I’m flattening out a paper map of Southern California over a wooden table at the Crossroads Cafe in Joshua Tree. Eschewing my iPhone, Google and Waze, the old-world relic of cartography leaves little doubt the quickest way home is to head south and jump on Interstate 10—a thin blue line shooting due west from Morongo directly back to Venice Beach.
As I sip coffee and consider my options, something glimmers from the corner of my eye. There on the curb outside the Crossroads’ window, the eggshell blue paint of the Aventador SVJ Roadster (for Super Veloce) tugs at my attention like an unwelcome solicitor. Its geometric surfaces shine in the light like facets of a diamond; the desert morning air is crisp, but the Roadster’s top is off, beckoning me into its cozy jetfighter cabin.
Resistance is futile. To hell with the 10—I’m taking the long way home. I pop up the scissor door and slide into the black-and-orange Alcantara-wrapped cabin, the race seats wrapping me in a maternal embrace. Pressing Lambo’s iconic ICBM-style start engine button, the naturally aspirated 6.5-liter V12 whoofs to life and fills the tumbleweed-quiet Joshua Tree streets with threatening barks. Passersby stare; giddy kids wave. I pull the right magnesium paddle shifter and slip the SVJ into drive, slowly easing it through the deserted western town; the SVJ Roadster doesn’t like the lollygagging one bit, lurching clunkily on the low-gear shifts like pulling the reins of a bull.
Finally I turn right onto Old Woman Springs Road and drive into the open desert towards Lucerne Valley. Eyes squint, grin widens, foot grows leaden. The ridiculous 770 horses awaken and we take off. Tuned to explode from 0-62 mph in a time-warping 2.9 seconds, in a blink we’re slicing through the boulder-strewn landscape in a blur of exploding pistons, screaming exhaust ports and delirious, infantile chortling.
Twice on the long desert drive I have the opportunity to jump onto a highway and shorten my trip by over an hour. Twice I opt for the long road, cruising behind the San Bernardino National Forest, first on the 247 and then taking the Pearblossom Highway that connects the creaky outposts of Victorville with Palmdale. If you don’t know this road, it’s just a single ribbon of straight asphalt carved on once-open desert, zero turns.
But it’s never boring in the Lambo as the dips and undulations make it so you’re never staring straight ahead; while peak power comes at a redline-screaming 8,500 rpm, and its velocity ceiling is a withering 217-mph, you’ll never come close to approaching either of these limits on public roads, even ones as empty as these. Regardless, the joys of running the Lamborghini in these environments are impossible to explain—especially the gut punches of accelerations (courtesy of 531 lb-ft of torque) used to overtake caravans of slothing semi trucks.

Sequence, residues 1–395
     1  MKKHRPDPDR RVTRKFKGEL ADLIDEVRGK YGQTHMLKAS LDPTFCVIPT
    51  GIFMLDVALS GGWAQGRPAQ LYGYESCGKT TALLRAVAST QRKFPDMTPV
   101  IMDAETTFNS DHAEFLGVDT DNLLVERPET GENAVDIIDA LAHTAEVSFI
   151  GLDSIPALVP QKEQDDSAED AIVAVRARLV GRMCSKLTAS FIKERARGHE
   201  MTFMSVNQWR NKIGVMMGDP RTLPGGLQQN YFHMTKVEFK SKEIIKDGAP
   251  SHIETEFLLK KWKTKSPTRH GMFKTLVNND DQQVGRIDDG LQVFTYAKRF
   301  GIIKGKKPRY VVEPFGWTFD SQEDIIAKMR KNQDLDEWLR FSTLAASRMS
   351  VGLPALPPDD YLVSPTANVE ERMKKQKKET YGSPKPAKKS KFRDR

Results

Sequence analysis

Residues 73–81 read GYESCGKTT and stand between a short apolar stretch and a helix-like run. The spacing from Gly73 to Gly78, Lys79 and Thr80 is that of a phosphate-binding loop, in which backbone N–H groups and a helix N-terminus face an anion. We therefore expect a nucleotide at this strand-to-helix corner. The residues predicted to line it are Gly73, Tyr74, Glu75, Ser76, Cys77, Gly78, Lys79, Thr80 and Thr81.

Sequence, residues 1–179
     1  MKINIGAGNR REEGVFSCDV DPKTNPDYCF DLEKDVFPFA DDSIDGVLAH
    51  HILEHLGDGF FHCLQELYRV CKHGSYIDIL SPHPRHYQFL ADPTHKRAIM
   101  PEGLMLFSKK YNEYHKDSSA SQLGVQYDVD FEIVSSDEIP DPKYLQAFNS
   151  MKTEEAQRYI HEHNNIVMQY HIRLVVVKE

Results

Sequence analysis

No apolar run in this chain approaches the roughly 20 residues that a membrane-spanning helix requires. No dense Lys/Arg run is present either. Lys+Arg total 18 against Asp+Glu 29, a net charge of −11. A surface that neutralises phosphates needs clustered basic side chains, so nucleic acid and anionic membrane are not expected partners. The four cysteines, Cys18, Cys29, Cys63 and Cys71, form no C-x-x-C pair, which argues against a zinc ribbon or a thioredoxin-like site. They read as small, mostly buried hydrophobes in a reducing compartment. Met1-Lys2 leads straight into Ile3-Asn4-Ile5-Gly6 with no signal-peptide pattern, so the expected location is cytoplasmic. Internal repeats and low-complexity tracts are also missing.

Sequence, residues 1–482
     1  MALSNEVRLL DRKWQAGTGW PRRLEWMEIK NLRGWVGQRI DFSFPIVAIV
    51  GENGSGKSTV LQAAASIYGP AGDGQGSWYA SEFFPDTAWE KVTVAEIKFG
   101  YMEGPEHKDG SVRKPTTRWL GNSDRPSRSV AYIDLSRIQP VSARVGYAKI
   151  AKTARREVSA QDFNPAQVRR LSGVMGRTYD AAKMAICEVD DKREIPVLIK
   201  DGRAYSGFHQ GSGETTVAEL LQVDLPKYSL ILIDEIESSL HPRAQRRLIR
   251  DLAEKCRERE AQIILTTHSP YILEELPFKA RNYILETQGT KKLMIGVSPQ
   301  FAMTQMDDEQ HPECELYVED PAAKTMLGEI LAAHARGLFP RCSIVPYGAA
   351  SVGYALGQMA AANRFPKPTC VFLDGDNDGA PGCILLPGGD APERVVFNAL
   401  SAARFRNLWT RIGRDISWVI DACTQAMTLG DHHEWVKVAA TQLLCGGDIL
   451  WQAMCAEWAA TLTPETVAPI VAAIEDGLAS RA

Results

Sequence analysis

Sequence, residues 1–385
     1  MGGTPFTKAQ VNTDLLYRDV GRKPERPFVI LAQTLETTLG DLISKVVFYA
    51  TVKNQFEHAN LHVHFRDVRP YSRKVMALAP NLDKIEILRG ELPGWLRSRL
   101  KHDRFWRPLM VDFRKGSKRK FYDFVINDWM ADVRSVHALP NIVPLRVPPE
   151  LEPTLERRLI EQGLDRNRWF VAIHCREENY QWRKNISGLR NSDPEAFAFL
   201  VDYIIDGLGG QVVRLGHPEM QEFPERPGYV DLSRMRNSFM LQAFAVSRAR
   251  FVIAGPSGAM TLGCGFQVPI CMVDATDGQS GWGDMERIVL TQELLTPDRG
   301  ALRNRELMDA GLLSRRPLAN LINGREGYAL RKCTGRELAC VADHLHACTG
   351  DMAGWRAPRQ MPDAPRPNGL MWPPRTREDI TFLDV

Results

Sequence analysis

After all the Aventador SVJ is one of the most powerful non-electrified roadsters ever made, a vehicle of great exclusivity—one of only 800 ever to be built. It is currently the Raging Bull’s flagship vehicle, until the even-more exclusive Sián hits roads later this year. I guess I could take this thing all the way to Malibu, see how the topless Lambo looks against the crashing waves of the Pacific. If it were up to me this road trip would never end.
While long coveted for its futuristic, genre-defining profiles and unbridled V12 power plant, in recent years Lamborghini has been trailblazing in the world of bleeding-edge technology. Under the leadership of Chief Technical Officer Maurizio Reggiani, a slew of ingenious innovations and a collaboration with MIT has borne some next-level tech, spurring Lambo’s overnight success in motorsports. Here are four recent breakthroughs ensuring the Raging Bull’s continued place on the podium—and in your garage:
Aerodinamica Lamborghini Attiva (ALA) is a revolutionary active aero system using actuators to open flaps in the massive rear wing: when open the air moves through the wing, minimizing downforce for optimal velocity; closed it moves around, maximizing downforce and braking for optimum grip. Furthermore, while cornering ALA allows the wing to generate downforce on only the inside half, creating what engineers dub aero vectoring.
Think of Lamborghini Dinamica Veicolo Integrata (LDVI) as a singular über-brain, ingesting a torrent of data from the Huracán EVO’s manifold complex systems, processing it all at supercomputer speeds, and adjusting performance accordingly every 20 milliseconds. In totality the LDVI not only lets the car react faster than any Lambo ever has—via external data, driver inputs and driving modes—but it can actually predict the supercar’s needs.
Unveiled theoretically in the otherworldly Terzo Millennio concept, Lambo’s real-world usage of high-performance supercapacitors will debut in the ultra-exclusive Sián hypercar. Soon they could be implementing an even more explosive version of the technology, as their collaboration with MIT produced a patent for a synthetic material that could serve as the foundation for an entirely new generation of supercapacitors—potentially increasing energy density by up to 100%.
Another collaboration with MIT is experimenting on new design principles that integrate high-performance battery materials into the actual vehicle structure. Via 3D printing and nanotechnology, copper wires are infused into the carbon fiber weave that could allow chassis and body panels to pull double duty as energy storage. Batteries are heavy, so reducing lithium ion packs could delete precious pounds from future Lambos.